The sprint races go by so fast that all it takes is a little something to go wrong for you to not place. Regardless the women there last night were all superb hurdlers and as I said before, anything could have happened.

Anyone who does criticize (who is not a world-class athlete or coach) has no business saying she is all hype and no follow through. Otherwise, grab your spikes and spandex and we will see if you can even complete one of my hurdle workouts :-)

k, rant over!
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14 Katie @ Peace Love & Oats August 8, 2012 at 11:55 am

I completely agree. My brother was saying how awful that must be for the young girls doing gymnastics to not medal (he was referring to any country), and I said are you kidding!? They got to go to the Olympics!!! That’s huge!
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15 Cat @ Breakfast to Bed August 8, 2012 at 11:58 am

my post yesterday was how I was disgusted with this nonsense, it’s simply ridiculous.
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16 Rachel Wilkerson August 8, 2012 at 11:59 am

I saw Lolo on “Today” this morning too, and didn’t blame her for breaking down like that. The NYT article about her earlier this week was SO nasty and felt like a personal attack on her, rather than a criticism of the companies who offer endorsements to athletes (which would have made for an interesting article I think). Gawker had a great response that really broke down all the ways that article sucked. (http://gawker.com/5931911/what-did-lolo-jones-ever-do-to-the-new-york-times?tag=london2012)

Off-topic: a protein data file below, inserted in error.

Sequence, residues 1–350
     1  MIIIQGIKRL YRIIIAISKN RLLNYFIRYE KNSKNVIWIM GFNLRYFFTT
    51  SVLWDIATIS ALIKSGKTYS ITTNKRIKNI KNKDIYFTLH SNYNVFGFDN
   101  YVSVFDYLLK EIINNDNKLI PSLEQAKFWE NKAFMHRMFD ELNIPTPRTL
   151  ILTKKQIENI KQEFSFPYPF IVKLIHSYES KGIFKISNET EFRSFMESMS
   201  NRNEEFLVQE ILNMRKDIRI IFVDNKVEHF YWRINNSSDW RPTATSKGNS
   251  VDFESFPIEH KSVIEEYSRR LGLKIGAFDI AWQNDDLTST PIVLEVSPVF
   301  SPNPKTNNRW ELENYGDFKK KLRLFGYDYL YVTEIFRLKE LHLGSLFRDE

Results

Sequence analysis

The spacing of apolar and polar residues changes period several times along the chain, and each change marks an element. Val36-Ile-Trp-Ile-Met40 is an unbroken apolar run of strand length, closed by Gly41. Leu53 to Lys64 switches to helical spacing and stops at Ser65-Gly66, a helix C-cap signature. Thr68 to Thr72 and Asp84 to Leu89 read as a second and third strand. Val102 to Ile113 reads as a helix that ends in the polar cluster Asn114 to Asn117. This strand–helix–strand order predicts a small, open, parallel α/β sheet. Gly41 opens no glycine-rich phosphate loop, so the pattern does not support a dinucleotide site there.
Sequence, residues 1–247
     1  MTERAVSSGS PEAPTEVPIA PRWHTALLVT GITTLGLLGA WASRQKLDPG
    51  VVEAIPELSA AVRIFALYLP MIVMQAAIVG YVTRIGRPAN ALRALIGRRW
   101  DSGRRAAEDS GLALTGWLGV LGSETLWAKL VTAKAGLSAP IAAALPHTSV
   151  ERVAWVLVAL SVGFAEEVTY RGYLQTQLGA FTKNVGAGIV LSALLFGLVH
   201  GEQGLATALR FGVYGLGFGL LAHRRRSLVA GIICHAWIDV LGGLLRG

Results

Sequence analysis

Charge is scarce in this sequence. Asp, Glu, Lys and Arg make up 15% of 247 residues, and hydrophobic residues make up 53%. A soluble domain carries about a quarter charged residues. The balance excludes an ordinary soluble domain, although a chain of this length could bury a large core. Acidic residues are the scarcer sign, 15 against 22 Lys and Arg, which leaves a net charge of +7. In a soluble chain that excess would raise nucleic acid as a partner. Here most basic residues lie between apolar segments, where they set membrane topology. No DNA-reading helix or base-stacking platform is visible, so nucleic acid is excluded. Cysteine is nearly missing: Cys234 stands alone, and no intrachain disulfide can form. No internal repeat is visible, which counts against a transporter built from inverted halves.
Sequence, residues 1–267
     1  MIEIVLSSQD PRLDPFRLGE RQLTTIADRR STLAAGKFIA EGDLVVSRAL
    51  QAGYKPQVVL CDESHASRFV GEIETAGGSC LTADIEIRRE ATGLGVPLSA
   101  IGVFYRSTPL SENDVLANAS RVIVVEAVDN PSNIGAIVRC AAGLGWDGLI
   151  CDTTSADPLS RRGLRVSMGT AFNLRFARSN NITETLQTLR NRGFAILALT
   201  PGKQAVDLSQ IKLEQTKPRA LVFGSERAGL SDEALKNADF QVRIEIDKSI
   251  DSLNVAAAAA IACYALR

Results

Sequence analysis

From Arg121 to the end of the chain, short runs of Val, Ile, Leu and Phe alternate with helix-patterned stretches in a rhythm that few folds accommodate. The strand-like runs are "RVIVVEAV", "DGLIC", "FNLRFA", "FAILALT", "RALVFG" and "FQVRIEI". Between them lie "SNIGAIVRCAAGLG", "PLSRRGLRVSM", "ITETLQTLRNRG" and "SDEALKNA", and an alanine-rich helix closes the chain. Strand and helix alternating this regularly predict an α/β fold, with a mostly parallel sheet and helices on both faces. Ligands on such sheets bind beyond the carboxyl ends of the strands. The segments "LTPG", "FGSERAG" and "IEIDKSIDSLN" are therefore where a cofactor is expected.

On the one hand, after seeing Kellie Wells and Dawn Harper on TV this morning, I can absolutely see that it’s kind of unfair they don’t have as big of endorsements — they are both fierce athletes, charming & beautiful women (which apparently matters), have compelling stories (hearing about how Kellie was raped as a teenager had me tearing up; she also had to take time off for a broken arm this year), AND they are winners. I think it’s fair to ask why they are overlooked for endorsements and attention when they seem to have the total package and the titles. On the other hand, I don’t think putting all the emphasis on winning is a good idea at all. “It’s not whether you win or lose…” is a huge part of American culture, and I think Lolo Jones is popular because we like how she plays the game.

Anyway, yeah…the coverage of the Olympics and criticism of athletes has been kind of a cluster this year.
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17 jennyv August 8, 2012 at 11:59 am

What’s even worse? Lolo’s hometown paper’s (The Des Moines Register’s) headline today reads “Double Disappointment” as Lolo is from Des Moines and Gabby Douglas has trained at Chow’s in West Des Moines for the past two years. Pathetic! We Iowans have such pride in these awesome athletes and yet our own local media puts them down.

I have nothing but respect for two women who push themselves both physically an mentaly for a sport they love. Most people will never MAKE the Olympics, let alone be in contention for a Gold.

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18 steph August 8, 2012 at 12:01 pm

I definitely agree that the media puts too much emphasis on winning a medal (particularly gold)! Most of these athletes are so proud just to compete at the Olympics and represent their country at the top level of their sport! I saw a lot of athletes on the swimming events (since I watched it all) put out best times and great swims but because it wasn’t a gold medal, NBC would treat it as a huge disappointment. It’s silly.